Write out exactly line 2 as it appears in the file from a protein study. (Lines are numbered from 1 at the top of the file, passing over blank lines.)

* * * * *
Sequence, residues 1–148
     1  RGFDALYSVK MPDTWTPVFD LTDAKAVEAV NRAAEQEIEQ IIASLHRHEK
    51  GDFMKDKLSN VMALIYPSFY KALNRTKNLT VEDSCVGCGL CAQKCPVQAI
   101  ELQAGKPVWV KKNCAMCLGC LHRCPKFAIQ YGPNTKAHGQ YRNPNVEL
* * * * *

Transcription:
     1  RGFDALYSVK MPDTWTPVFD LTDAKAVEAV NRAAEQEIEQ IIASLHRHEK